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Deborah Andrews: Walking the Lights

Shortlisted for the Guardian’s Not the Booker Prize 2016

‘Vivid and Convincing’ Guardian

Deborah Andrews introduces Walking the Lights

I’d been scripting plays and writing short stories and poems for quite some time, but I’d always wanted to write a novel – it just seemed a bit of a daunting task. I took some evening classes and went on to study part-time for an MLitt in Creative Writing. One of my supervisors suggested, as a starting point for a novel, taking a subject I was interested in exploring and setting it in a world with which I was familiar. I was curious about the difference between acting and being – in all situations, not just in relation to performance – and I was keen to write about some of the jobs I’d done when I was starting out, including murder mystery weekends and role-play scenarios. The character of Maddie came fairly easily. I think, from my experience working in the theatre –voice, character, dialogue and scene dynamics – come quite naturally to me, although I adapted a range of exercises to help develop and test these aspects too – I’m a great believer in craft.

Walking the Lights became a rites-of-passage novel set in Scotland in the mid-nineties. The era felt important to me, especially the sense of optimism that surrounded new Labour and the lead-up to devolution and how that reflected Maddie’s emergence. There are a few issues explored in the novel, including mental health and the legacy of the past. For a short while, Maddie’s family background was very dark, but I didn’t want to focus so much on specific abuse, I wanted to look at the power of words and how, in our communication, we can encourage or diminish others. Balanced with these heavier elements is a cast of colourful characters and plenty of hijinks, sparkle and greasepaint – especially when Maddie and her friends begin work on a production of The Tempest, a play that weaves through the novel in terms of story, themes and motifs. Walking the Lights has been described as ‘a love letter to Scotland’, ‘an ode to friendship’ and as ‘a feminist Withnail and I’. I’m passionate about stories for wisdom and wellbeing, and in the capacity for change, and, although these threads are deeply woven through the story, I hope the novel glints with them too.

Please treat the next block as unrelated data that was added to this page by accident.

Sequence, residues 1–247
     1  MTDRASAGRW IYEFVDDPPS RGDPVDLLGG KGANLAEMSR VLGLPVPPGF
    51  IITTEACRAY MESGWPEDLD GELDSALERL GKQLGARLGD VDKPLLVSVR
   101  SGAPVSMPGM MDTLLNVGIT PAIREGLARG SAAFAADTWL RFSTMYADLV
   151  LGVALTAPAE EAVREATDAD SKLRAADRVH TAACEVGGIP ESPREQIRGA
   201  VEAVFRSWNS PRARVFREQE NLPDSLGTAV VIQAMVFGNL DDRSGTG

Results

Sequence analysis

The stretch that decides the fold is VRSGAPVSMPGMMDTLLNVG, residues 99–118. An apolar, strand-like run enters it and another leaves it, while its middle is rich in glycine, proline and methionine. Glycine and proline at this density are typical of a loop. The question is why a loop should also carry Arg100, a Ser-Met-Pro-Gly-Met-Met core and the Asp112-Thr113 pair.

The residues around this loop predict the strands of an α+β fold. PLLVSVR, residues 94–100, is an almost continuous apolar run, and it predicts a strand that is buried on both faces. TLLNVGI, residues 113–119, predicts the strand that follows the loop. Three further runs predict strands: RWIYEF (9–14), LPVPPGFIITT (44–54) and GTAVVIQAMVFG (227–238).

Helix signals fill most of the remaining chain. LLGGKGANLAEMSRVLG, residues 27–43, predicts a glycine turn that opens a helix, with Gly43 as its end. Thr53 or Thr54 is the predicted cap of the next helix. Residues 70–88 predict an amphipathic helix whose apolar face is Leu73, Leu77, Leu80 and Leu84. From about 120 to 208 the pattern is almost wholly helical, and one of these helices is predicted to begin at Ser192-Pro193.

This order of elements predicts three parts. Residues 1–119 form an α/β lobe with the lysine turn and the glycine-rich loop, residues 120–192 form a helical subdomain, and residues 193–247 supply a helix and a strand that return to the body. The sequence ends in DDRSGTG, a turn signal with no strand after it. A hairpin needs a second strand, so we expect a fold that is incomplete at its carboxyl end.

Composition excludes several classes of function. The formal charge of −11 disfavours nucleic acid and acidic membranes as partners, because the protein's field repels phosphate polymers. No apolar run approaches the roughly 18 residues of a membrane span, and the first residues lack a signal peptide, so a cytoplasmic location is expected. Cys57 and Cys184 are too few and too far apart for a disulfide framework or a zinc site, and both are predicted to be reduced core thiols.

Deborah Andrews is an award-winning theatre practitioner turned novelist. Born in Windsor, she moved to Glasgow in 1990 to study for a BA in Drama at the Royal Scottish Academy of Music and Drama. She went on to work as a performer, workshop leader, director and writer. In 1999, her theatrical adaptation of Dream State: The New Scottish Poets, won a Scotsman Fringe First Award and in 2002 she co-founded Solar Bear theatre company. She established the first year-round Deaf Youth Theatre in the UK and scripted six main-stage and several community productions, winning several awards. Her debut novel, Walking the Lights (‘a feminist Withnail and I’), is shortlisted for this year’s Not the Booker Prize. Since 2014, Deborah’s lived in Lancaster, where she teaches creative writing.

Events

Armley Library, 2 Stocks Hill, Leeds, LS12 1UQ
Monday 27 April, 2pm

Hull Central Library, Albion Street, Hull, HU1 3TF
Wednesday 17 May, 6.30pm

Durham Clayport Library, 8 Millennium Place, Durham City, DH1 1WA
Tuesday 30 May, 3pm

Hebden Bridge Library, Cheetham Street, Hebden Bridge, HX7 8EP
Thursday 22 June, 7pm

Mirfield Library, Mirfield, WF14 8XS
Sunday 16 July, 1pm

Advance booking is advisable and all events may be subject to change. See our individual event listings for further information.

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